The maneuvering around that speech was also, in Remnick’s telling, Obama’s first serious confrontation with the campaign of Hillary Clinton, who was then a US Senator from New York. Both Hillary and Bill Clinton had long been friends to Black voters and Black leaders; they had long-standing relationships with key African-American leaders, relationships that Obama lacked. Competition between Obama and Clinton put those leaders on the spot: support someone who had helped in ways big and small through many years, or support someone who was new but Black? Could Obama bridge the gap in experience?
In his speech, Obama spoke of the “Moses” generation of civil rights leaders, the ones who saw the Promised Land but did not make it there themselves, and of the current, “Joshua” generation, people who reaped the benefits of their forbears’ labor and now had to live up to the promise. As a candidate, he hoped to bridge the generations, to show the elders that their work had not been in vain, and to spur the younger folks to reach their potential.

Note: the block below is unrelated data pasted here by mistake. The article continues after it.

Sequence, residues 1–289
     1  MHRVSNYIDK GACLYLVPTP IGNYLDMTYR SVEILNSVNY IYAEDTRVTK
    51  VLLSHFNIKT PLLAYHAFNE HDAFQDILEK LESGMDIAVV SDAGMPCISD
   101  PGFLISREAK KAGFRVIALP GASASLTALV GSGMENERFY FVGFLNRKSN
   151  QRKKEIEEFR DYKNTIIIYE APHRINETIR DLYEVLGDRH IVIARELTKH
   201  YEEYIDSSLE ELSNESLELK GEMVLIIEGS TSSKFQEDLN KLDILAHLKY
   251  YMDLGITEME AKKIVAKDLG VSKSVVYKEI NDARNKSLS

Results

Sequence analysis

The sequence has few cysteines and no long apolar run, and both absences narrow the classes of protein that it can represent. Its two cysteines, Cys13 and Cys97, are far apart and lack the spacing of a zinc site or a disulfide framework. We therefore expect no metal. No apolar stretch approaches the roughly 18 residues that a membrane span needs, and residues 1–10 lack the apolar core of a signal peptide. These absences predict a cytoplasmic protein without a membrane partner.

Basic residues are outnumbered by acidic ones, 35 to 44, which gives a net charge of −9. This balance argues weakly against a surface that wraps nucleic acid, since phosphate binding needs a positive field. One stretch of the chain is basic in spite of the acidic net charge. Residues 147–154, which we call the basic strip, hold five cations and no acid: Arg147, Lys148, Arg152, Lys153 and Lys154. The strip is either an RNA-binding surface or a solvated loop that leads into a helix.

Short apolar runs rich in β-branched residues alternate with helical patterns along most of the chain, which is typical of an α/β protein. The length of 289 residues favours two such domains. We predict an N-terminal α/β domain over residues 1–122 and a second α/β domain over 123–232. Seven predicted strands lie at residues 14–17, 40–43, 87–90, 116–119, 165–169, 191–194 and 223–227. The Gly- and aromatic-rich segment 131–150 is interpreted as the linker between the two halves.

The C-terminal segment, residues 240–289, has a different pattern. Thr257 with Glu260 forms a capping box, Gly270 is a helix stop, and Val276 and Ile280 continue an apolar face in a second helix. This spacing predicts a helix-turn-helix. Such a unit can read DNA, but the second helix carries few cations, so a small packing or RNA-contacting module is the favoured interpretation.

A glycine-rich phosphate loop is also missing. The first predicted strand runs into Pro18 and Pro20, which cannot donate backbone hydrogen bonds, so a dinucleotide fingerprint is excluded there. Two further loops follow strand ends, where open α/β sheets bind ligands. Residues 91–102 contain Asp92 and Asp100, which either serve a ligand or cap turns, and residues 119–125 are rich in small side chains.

Finally, and most obviously, Obama is a bridge between Black and white worlds. With a Kansan mother and a Kenyan father, he belongs to both, to which he adds experience growing up in Hawaii and Indonesia, giving him crucial distance from the deepest conflicts. This distance is a theme picked up by quite a few of Remnick’s interviewees; they noted that Obama had a deep reservoir of confidence that even the most privileged African-Americans seemed to miss, and they attributed that to his crucial years outside of the continental United States. There’s another bridge for Obama: between America and the world. He experienced the wider world more closely than almost any other prospective president.